Thursday, 17 November 2011

Seen It>>Smashing Pumpkins at Brixton Academy - 16.11.2011

Billy Corgan and the new Smashing Pumpkins ensemble - consisting of guitarist Jeff Schroeder, bassist Nicole Fiorentino and drummer Mike Byrne - descended onto London for the second night at Brixton Academy, for an intimate UK tour of new material and old favourites. The majority of the crowd seemed to be young adults and teenagers getting their first taste of the Pumpkins and the line up didn’t seem to bother anyone. For the first time since the original line up, it seems that the Smashing Pumpkins have a sound that gels incredibly well together and the craftsmanship they process is one of a band who have been together for years, not just a matter of months.

The one complaint seemed to stem from the lack of big singles -”Today”, “Disarm”, “1979” and others were missing - which was exactly why this was a show for the most ardent of Pumpkins fans. B-sides from the album Pisces Iscariot, “Starla” and “Frail and Bedazzled”, made the setlist along with Mellon Collie & the Infinite Sadness tracks, “Muzzle” and “Thru the Eyes of Ruby”, and Siamese Dream’s “Geek U.S.A”, “Soma” and “Silverfuck.” Even at 44, the older and still balder Corgan showed he could still handle the long and pounding solos, shredding the shit out of the guitar at every opportunity. New songs from upcoming album Oceania and online album Teargarden By Kaleidyscope, included “Quasar”, “Panopticon”, “Lightning Strikes”, “Oceania”, “Pinwheels” and “Pale Horse.” The songs’ blend between heavy guitars riffs and long solos, prog rock and shoegaze, dream pop was the typical mixture of genres that the Smashing Pumpkins became known for.

Unsurprisingly, the biggest cheers of the night came for the singles, “Siva,” “Cherub Rock”, “Zero” and “Bullet With Butterfly Wings.” However, undoubtedly the highlight of the night was the surprise inclusion of “Tonight, Tonight” into the setlist, the only time on this current tour that it was performed. It drew the biggest singalong of the night, drawing some passionate screaming with arms aloft and, played even without the orchestra, remained as beautiful and poignant as always. The transition from “Thru the Eyes of Ruby” (which included an extract of “I Am One”) to “Cherub Rock”, into “Tonight, Tonight” and “For Martha”, was an excellent showcase of the band’s altering back catalogue, from head banging and air guitar grunge to moving and delicate singalongs. It was the prefect way to send the audience home happy.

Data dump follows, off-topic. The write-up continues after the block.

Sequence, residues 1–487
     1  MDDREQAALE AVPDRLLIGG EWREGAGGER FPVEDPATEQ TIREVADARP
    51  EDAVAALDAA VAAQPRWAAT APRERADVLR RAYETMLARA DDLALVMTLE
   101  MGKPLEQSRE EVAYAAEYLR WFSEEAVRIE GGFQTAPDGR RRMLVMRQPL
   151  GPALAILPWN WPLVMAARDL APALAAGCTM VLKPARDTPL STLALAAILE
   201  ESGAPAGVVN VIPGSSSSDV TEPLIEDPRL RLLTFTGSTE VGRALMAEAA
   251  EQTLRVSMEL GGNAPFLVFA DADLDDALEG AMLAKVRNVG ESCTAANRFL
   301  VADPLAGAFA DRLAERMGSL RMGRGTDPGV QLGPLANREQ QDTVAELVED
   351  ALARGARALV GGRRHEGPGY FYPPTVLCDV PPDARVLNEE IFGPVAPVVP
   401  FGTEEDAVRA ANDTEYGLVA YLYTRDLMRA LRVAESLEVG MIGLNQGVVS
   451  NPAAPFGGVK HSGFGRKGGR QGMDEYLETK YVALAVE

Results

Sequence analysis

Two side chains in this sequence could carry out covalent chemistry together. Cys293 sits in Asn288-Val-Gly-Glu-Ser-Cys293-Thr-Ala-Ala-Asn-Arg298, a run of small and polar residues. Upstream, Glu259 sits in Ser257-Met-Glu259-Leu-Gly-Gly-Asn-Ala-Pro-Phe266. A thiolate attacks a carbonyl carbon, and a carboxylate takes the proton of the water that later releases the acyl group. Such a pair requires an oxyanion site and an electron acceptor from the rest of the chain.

They returned after the encore, covering “Stephen” by Gene Loves Jezebel along with two of the band members, before the audience got what they were waiting for; the angry, fist pumping anthems “Zero” and “Bullet With Butterfly Wings”, which were full of sweaty mosh pits and teenage angst.

A beaming and grinning Billy Corgan even had time at the end for a bit of US v UK banter with the crowd. Much like Corgan and the rest of the band, the crowd left with grins across their faces. A fine welcome back to the UK for the Pumpkins and a great send off at the same time.

Geek U.S.A
Window Paine
Lightning Strikes
Frail and Bedazzled
Pale Horse
Thru the Eyes of Ruby (plus I am One)
Cherub Rock
Tonight, Tonight
For Martha

Stephen (Gene Loves Jezebel cover)
Bullet With Butterfly Wings

Tuesday, 15 November 2011

Seen It>>Jeff the Brotherhood - The Lexington 14.11.2011

Nashville’s Jeff the Brotherhood, a pair of brothers (though none are called Jeff), descended onto London’s The Lexington as part of the mini-European tour. The duo have been garnering mass critical praise in the last couple of years, thanks to albums Heavy Days and We Are The Champions.

Jake (guitar, vocals) and Jamin (drums), who were both former members of Be Your Own Pet, brought along their Southern-fried psychedelic punk rock anthems, which have seen them be compared to the likes of The Black Keys, Weezer, The Ramones and Sonic Youth.

Jake’s guitar may have only had three strings, but that didn’t stop him from belting out Prog drones such as “Heavy Days”, “Shredder“, “Heavy Krishna” and “Hey Friend.” Meanwhile opener “Bone Jam”, with its danceable grooves and ‘wooos’, helped get the crowd involved from the off. Jake was busy modelling the porno moustache look that Caleb Followill had sported in the Youth & Young Manhood days and his frequent dash into the crowd saw him go missing on occasions. Jamin brought along a torch light and was busy waving it around, while drumming one handed to closer “U Got The Look.” His pounding drum beats add a heavier touch to the bands sound. Their drum kit, which had sported the name “Jeffro Tull” was nowhere to be seen, as their equipment had been stolen in July.

The crowd had been headbanging constantly all night, but it looked as though this gig was an introduction to the band, rather than a crowd of fans. It looked as though they were here to see the excitement and hype behind the band. All in all, it was a great introduction for the band to make and a relentless surge of energy on stage, which transpired back onto the crowd.